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'Walk a Mile in My Shoes' rally set for May 29


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A place mat, one of over 250, created by students in Wakefield-Marenisco and Bessemer is shown. The place mats will be in local restaurants next week in honor of Mental Health Awareness Month and the “Walk a Mile in My Shoes” rally.

WAKEFIELD — Gogebic County Community Mental Health is planning a “Walk a Mile in My Shoes” rally on Wednesday, May 29, with registration at 10:30 a.m. and the rally beginning at 11 a.m. at the new pavilion at Sunday Lake in Wakefield.

If inclement weather arises, the event will take place at the Wakefield VFW.

It is the second year of the rally in Gogebic County, which commemorates May as Mental Health Awareness Month, according to a news release.

“The walk-a-mile event is to help people see what it’s like to have a mental illness or a developmental disability and to have others realize that the teasing and stigma need to stop,” said Missy Lane, chairperson of Gogebic County CMH’s anti-stigma committee.

“Our committee is so passionate about raising awareness and decreasing the stigma associated with mental illness and developmental disabilities. Our message to the community is to accept individuals for who they are, and to focus on their abilities, not disabilities,” she said.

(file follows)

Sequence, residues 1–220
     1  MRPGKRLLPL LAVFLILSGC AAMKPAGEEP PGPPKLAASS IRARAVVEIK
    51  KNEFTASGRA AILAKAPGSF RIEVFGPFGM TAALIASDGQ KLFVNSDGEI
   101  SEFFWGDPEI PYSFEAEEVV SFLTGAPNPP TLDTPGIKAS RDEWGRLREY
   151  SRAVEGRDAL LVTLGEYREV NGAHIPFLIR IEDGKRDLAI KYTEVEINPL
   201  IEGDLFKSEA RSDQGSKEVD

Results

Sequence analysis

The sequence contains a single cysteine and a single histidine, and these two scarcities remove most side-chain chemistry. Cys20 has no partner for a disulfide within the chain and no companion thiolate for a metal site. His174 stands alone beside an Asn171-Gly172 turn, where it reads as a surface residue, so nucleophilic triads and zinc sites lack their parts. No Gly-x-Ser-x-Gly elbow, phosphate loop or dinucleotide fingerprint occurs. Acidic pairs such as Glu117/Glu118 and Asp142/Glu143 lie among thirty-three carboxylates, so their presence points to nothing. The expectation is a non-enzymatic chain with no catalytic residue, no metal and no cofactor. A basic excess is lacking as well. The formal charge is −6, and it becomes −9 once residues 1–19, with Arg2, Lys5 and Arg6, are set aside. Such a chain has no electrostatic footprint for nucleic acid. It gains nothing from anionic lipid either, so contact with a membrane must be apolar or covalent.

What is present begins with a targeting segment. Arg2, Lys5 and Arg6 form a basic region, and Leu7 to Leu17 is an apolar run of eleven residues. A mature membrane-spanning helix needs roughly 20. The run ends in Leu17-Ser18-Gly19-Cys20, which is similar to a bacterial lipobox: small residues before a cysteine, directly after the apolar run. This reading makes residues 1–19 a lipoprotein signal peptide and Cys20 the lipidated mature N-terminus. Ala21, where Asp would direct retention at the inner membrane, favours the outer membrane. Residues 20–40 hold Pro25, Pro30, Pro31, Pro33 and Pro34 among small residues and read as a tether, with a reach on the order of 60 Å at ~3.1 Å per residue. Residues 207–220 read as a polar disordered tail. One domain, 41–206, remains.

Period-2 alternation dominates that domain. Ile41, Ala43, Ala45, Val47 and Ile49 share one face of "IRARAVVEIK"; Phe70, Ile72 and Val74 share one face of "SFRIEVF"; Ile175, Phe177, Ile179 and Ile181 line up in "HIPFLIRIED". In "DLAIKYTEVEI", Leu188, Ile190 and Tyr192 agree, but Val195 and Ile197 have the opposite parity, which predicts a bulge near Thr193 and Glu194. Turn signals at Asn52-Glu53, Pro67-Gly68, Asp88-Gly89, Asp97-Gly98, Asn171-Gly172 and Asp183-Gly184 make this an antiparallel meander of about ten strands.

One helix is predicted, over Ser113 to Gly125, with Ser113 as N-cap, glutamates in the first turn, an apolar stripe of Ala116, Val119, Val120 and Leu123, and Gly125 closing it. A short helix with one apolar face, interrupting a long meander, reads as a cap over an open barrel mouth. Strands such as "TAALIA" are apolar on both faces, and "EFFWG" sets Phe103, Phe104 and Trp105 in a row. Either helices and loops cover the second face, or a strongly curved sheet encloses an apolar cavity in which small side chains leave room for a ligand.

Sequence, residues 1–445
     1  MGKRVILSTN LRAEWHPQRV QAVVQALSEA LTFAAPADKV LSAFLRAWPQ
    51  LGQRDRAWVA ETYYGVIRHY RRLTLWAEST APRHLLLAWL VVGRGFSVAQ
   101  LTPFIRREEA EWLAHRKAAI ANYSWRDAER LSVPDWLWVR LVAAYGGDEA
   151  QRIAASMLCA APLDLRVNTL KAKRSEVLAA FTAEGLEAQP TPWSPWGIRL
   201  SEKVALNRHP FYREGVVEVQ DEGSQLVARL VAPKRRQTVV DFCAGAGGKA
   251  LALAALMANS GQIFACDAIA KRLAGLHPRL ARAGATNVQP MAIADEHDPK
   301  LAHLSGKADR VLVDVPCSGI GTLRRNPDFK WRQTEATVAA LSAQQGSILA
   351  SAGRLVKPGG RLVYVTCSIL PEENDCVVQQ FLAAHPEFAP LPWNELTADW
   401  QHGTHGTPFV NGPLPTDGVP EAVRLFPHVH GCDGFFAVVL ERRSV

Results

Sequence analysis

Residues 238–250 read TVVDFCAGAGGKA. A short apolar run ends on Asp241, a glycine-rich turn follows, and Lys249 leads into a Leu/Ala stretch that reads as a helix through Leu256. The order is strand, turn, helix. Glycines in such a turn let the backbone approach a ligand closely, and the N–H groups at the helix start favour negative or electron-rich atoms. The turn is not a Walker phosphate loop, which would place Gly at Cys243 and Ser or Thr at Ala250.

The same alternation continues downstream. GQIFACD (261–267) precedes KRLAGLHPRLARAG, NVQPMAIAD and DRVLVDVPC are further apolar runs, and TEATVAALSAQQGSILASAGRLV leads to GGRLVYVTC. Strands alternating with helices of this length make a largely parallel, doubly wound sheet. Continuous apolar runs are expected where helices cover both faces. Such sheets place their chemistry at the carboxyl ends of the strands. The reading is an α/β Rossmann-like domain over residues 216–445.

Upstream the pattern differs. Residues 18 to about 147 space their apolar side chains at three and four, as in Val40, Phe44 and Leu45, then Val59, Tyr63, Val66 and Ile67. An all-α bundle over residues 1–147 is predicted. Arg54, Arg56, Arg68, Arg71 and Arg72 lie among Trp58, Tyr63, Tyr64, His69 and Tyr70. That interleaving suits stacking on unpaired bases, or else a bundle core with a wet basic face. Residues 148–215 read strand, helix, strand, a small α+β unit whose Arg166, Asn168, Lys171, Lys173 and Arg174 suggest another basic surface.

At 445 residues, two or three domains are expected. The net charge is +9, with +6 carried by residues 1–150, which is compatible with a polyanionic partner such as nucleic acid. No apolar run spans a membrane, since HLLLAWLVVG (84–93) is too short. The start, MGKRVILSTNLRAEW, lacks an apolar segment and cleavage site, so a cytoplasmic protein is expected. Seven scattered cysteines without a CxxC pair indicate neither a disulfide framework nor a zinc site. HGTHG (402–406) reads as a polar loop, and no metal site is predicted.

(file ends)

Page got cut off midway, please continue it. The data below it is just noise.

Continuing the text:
The Michigan Association of Community Mental Health Boards conducted its ninth annual rally on May 8 at the Capitol Building in Lansing, with more than 2,500 people participating from Michigan’s 83 counties.

MACMHB’s first rally was in 2005.

Gogebic County CMH plans its own rally because of the long distance to Lansing.

Last year’s rally drew 100 people, Lane said. “Seven people spoke at the open mic, and there wasn’t a dry eye in the pavillion,” said Lane. “It was emotional and overwhelming. People don’t ask for what they have and should be treated respectfully.”

In Michigan, one in four adults and 10 percent of children experience some form of emotional or mental disorder, Lane said.

Gogebic County CMH served 483 people in the past year, Lane said.

Committee member Mary Priante went into the Wakefield-Marenisco School and A.D. Johnston High School and Washington Elementary School in Bessemer in January and February to teach students about mental illness and give them the opportunity to create place-mats and gift bags for the rally, Lane said. The place-mats will be used in local restaurants next week, and the originals will be on display in the Gogebic County CMH’s lobby.

This year’s rally theme is “Be Kind to Everyone.” This can mean banning the r-word and replacing it with another r-word —respect, Lane said.

Phil Hefner will present the keynote address at the rally. He is the training coordinator from Northpointe CMH in Kingsford. Gogebic County CMH representatives will begin the walk, with consumers, parents and guardians encouraged to join in.

Light refreshments will be available after the walk.


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